I said I would take her out but her stipulation was that she got to choose the restaurant. I was thinking McDonald’s, but she picked some fancy place that cost like $30 for an entree. My dad had given me some cash for textbooks and emergencies; I figured I was on my first date ever and didn’t want to blow it, so that surely qualified as an emergency.

While we were eating at the restaurant, Natalie kept going on and on about how much she loved UGG boots (all I could think about was why would a manufacturer call their product “UGG”?). Eventually she asked me if I would buy her a pair.

I pulled out my wallet and saw that I had $20 left over, plus I knew I had at least $30 spending money available in my checking account (who needs textbooks, right?). I thought surely $50 would be enough to pay for a pair of UGGly boots.

Sure, $50 was a lot of money, but I had never had any sort of girlfriend before so I figured this was what guys were supposed to do on dates.

We ended up at some clothing store at the mall and when I saw the price of those boots, my jaw about fell out of joint in shock.

Let’s just say it was more than $50.

I had to tell her I couldn’t afford to buy those boots, and it was one of the most humiliating experiences of my life. She glared at me, told me loudly she knew she shouldn’t have gone out with me, and stormed off in a huff.

Everyone in the store stared at me as my face turned tomato-beet-red. I thought about running out but was paralyzed, glued to the floor, eyes wide and mouth hanging open like I was stupid or something.

Eventually I made it back to the dorms somehow, certain that Natalie had already told everyone in the whole school what had happened. Were people staring at me more than usual? Everywhere I looked I swore I could see people whispering to each other about me, pointing at me, giggling.

At last I made it to my own room and discovered that my phone still sat on my desk—apparently I had forgotten to take it with me on our “date.”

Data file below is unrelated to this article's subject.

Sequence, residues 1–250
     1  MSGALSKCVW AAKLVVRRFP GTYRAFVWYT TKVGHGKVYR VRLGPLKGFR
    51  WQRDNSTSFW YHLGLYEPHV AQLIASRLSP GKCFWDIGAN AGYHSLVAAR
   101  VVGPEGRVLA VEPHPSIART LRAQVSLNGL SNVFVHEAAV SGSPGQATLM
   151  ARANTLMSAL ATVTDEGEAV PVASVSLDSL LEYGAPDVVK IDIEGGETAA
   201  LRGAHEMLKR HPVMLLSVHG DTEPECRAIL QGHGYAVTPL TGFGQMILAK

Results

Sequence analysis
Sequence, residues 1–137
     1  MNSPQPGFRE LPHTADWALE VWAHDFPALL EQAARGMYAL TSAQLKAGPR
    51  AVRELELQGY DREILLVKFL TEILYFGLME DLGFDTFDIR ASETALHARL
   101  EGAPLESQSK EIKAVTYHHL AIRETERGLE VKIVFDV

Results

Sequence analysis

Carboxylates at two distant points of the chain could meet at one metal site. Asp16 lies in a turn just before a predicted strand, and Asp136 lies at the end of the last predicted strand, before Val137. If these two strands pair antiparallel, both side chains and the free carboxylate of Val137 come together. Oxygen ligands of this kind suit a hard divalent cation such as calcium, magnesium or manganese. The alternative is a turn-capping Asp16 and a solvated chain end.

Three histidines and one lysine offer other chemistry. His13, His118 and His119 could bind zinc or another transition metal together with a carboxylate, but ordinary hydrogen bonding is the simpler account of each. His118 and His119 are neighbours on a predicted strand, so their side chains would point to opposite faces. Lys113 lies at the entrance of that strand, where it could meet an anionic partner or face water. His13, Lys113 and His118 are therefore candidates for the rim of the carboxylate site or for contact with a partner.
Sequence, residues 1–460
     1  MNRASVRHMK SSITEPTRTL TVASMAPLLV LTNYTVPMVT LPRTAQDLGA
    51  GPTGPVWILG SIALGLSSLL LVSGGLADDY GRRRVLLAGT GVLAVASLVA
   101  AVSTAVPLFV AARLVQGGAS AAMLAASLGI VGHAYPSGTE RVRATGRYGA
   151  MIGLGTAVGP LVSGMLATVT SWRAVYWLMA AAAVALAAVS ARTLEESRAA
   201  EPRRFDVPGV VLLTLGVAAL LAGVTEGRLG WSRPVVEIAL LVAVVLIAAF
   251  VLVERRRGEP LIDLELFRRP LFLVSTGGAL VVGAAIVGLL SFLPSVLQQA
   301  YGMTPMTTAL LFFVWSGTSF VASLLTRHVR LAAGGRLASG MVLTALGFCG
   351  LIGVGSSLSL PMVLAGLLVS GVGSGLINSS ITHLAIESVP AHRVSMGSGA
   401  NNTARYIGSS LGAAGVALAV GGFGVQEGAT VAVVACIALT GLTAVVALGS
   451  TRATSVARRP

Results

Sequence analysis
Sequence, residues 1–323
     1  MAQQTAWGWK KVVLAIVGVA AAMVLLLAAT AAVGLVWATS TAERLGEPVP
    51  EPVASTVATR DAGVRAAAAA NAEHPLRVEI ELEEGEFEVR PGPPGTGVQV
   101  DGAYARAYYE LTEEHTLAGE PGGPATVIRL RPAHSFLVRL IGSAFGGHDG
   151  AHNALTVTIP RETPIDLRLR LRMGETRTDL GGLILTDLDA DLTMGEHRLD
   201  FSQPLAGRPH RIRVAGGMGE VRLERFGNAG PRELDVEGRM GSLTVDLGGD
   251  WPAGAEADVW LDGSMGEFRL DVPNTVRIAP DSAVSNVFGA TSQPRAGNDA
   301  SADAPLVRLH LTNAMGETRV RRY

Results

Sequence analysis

With great reluctance I checked my text messages, certain I would find an angry text from Natalie or a text from somebody at school making fun of me for being a cheapskate.

What I found was worse: a text alert from a local retailer letting me know that there was an overstock of UGG boots and that I could show the text at checkout to get 50% off.

Thus, I learned that remembering to bring your phone could save a relationship. And I never forgot to bring my phone anywhere ever again.

Save a relationship! Get a text alert system today. 🙂

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We live in an era of memes.

What is a meme?  Wikipedia defines it as “an activity, concept, catchphrase or piece of media which spreads, often as mimicry, from person to person via the Internet.”

If you are on Facebook or any other social media you will have noticed that memes pop up everywhere.  There are simple memes, detailed memes, short memes, long memes, visual memes, textual memes.

People share memes, comment on them, “like” them, and often create their own.

Just for fun, I thought I’d share 10 popular memes from Memes.com.

1. Choose a major you love

Most memes are meant to be short, simple, and funny.  This is an example that holds a sad yet comical semblance of truth:



2. Killer flamingos

This meme adds more of a visual element than the previous one, but follows along the same short and humorous style:



3. The sandwich thief

Though most memes are short and sweet, some are a bit more elaborate.  This is one of those:



4. Tea chart

Some memes actually contain useful information!  Like this one about different kinds of teas and what symptoms they supposedly help treat:



5. English is confusing

English is confusing but puns are fun!  This meme is one that I’m sure I’ve seen shared around a few times:



6. Peter Pan pun

The puns never end!  This dog has become a welcome and humorous presence on social media: